Should you prefer different sights, Beretta has made it easy to change them on the Pico .380. Both the front and rear sights are mounted in dovetail slots—the rear in a lateral cut, the front in a longitudinal slot—and both are held in place with a hex screw. I do have a problem with the front-sight dovetail slot being longitudinal rather than lateral. The setscrew loosened from vibration during testing, and the front sight simply flew off the muzzle end of the handgun and was lost. Run that cut sideways, and the shooter will have some warning in the event the sight blade comes loose. It will drift left or right, but will be retained by the shape of the slot. When your rounds start hitting a couple of feet left or right of your point of aim, you will have a clue to check the sights.
Engineers have gone to great lengths to ensure the Beretta Pico’s design is modular. It begins with a steel subchassis, which is the “firearm” as far as the government is concerned and therefore bears the serial number. Because all other parts—like barrels, slides and grip frames—attach to the subchassis, the buyer can switch or replace any other part of the pistol without having to go through an FFL dealer or worry about legal concerns. The company offers a frame with an integrated LaserMax laser or white-light unit. Incorporating these accessories into the frame ensures the pistol is smaller and more concealed-carry friendly than it would if you were to bolt on aftermarket accessories. In addition, different colors of frames are available for those who want something different than regular old black and stainless, including pink, purple, white and OD green.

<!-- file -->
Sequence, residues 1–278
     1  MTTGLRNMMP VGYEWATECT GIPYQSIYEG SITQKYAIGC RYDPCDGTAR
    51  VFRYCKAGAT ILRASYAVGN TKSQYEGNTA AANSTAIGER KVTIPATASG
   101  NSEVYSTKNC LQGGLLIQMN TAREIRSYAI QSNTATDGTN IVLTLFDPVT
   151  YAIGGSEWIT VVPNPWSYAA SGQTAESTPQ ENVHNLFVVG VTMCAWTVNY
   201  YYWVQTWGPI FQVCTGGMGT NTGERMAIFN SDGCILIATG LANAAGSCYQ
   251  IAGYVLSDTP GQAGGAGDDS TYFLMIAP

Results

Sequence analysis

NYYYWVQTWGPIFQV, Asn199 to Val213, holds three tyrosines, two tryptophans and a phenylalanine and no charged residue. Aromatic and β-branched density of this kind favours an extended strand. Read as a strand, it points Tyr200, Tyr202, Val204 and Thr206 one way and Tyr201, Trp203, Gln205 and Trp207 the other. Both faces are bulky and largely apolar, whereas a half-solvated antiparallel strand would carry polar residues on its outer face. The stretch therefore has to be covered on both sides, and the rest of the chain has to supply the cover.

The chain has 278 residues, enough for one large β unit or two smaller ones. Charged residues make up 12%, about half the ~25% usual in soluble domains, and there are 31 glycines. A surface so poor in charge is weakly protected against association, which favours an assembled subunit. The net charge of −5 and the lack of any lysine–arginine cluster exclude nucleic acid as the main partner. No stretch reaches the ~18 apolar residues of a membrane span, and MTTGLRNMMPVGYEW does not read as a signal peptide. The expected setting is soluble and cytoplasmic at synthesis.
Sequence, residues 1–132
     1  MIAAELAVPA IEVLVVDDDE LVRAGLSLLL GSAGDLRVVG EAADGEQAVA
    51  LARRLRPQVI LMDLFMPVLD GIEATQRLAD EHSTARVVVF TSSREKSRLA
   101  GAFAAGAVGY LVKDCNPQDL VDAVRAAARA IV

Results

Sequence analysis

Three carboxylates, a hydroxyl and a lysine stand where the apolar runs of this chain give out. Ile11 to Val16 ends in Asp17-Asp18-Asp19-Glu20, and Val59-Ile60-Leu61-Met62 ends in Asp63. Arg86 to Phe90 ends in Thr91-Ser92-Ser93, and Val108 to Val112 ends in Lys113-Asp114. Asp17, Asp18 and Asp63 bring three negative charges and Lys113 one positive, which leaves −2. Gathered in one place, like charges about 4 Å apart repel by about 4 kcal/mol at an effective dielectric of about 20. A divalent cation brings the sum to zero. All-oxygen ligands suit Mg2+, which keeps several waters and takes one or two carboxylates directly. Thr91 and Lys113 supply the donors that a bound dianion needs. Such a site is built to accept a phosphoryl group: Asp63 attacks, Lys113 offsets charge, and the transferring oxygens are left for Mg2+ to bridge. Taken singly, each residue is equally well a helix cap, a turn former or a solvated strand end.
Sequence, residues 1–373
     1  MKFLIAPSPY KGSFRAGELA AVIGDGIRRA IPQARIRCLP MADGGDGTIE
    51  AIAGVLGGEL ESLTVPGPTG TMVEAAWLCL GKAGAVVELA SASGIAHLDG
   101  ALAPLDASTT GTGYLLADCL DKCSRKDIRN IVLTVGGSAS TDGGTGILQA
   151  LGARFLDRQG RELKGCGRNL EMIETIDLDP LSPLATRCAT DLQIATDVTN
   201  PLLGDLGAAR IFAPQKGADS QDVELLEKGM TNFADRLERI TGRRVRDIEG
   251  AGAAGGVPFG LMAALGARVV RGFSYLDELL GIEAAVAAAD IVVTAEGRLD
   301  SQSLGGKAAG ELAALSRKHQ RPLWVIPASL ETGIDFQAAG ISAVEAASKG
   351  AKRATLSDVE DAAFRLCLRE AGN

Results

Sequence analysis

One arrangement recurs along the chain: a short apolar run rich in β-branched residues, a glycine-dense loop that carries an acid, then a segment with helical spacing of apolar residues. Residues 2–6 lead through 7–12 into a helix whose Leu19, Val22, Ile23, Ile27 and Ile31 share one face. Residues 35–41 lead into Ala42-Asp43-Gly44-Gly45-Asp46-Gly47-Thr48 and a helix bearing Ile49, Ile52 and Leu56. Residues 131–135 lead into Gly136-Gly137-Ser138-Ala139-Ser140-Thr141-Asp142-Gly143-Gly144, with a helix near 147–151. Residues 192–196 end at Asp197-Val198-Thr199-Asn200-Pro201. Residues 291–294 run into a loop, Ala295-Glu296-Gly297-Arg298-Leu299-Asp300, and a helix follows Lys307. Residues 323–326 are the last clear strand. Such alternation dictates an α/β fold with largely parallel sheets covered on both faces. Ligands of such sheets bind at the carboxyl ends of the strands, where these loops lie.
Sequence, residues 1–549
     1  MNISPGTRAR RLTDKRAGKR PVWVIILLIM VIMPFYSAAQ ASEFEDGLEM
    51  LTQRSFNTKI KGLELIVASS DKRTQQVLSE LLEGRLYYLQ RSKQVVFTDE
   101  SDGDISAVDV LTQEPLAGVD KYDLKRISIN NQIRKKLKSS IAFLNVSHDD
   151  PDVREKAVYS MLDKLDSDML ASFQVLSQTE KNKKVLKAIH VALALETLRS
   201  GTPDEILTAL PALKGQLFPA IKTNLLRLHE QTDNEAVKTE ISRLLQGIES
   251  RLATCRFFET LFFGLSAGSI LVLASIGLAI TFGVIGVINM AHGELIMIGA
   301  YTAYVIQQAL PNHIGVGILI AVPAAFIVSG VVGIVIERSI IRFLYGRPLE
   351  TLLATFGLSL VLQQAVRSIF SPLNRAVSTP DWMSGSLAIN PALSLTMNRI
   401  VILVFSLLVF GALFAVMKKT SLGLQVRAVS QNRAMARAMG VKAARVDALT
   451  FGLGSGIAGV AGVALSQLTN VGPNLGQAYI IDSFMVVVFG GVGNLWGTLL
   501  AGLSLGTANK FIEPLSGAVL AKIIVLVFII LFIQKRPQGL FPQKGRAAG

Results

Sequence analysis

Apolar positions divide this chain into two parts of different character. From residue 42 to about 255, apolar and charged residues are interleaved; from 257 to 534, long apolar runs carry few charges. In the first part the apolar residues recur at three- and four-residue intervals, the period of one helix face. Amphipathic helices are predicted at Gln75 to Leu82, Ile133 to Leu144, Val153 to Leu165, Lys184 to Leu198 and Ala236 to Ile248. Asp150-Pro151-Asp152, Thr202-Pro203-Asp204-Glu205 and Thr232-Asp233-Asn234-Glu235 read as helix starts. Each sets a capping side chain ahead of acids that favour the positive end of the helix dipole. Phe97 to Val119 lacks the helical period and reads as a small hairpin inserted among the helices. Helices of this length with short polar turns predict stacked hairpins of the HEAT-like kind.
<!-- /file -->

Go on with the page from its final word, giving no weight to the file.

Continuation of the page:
For most people, finding a handgun that fits properly is like Goldilocks searching through the three bears’ house—everything is always too extreme in one direction or the other. Pocket pistols are usually too small for the average human hand, so I was surprised when I found the Beretta Pico fit me reasonably well. In truth, I think the excellent sights made the handgun much more effective than I was used to from a tiny .380 ACP. While the grip is extremely small, ergonomics and pointing characteristics are good. The backstrap and tiny frontstrap are slightly textured, but more than enough to handle the minimal recoil of the .380 ACP cartridge. As expected, the pistol was easier to shoot with the longer magazine in place than with the flush baseplate. The larger magazine does add an inch to the overall height of the pistol and extends that dimension more than an inch beyond a Galco Gunleather PRO 436 pocket holster. With the longer magazine, the holstered pistol would only fit in the pockets of my “tactical” trousers, which limits wardrobe selection when pocket carrying.
Accuracy testing the Beretta Pico was challenging. The little pistol’s solid ergonomics and excellent sights were offset by a long, heavy trigger pull. Even resting my forearms on a bag, trying to hold the gun rock-steady through the full length of the trigger pull was more difficult than simply achieving a quick sight picture shooting offhand and pressing the trigger. While groups at 10 yards averaged 2 to 3 inches with all tested loads, shooting the Pico required enormous concentration. Keep in mind, however, the mission of a pocket pistol is not to shoot sub-MOA groups—it’s to get on target quickly and resolve close-range, life-threatening situations. I found it relatively easy to put multiple rounds into the chest area of a silhouette target at close range.
All tiny pistols are more difficult to shoot than their full-size counterparts. They are designed for easy concealment and carry comfort. The Beretta Pico .380 is designed to fulfill that mission, and its modularity makes it a very attractive choice for a handgun you can carry every day.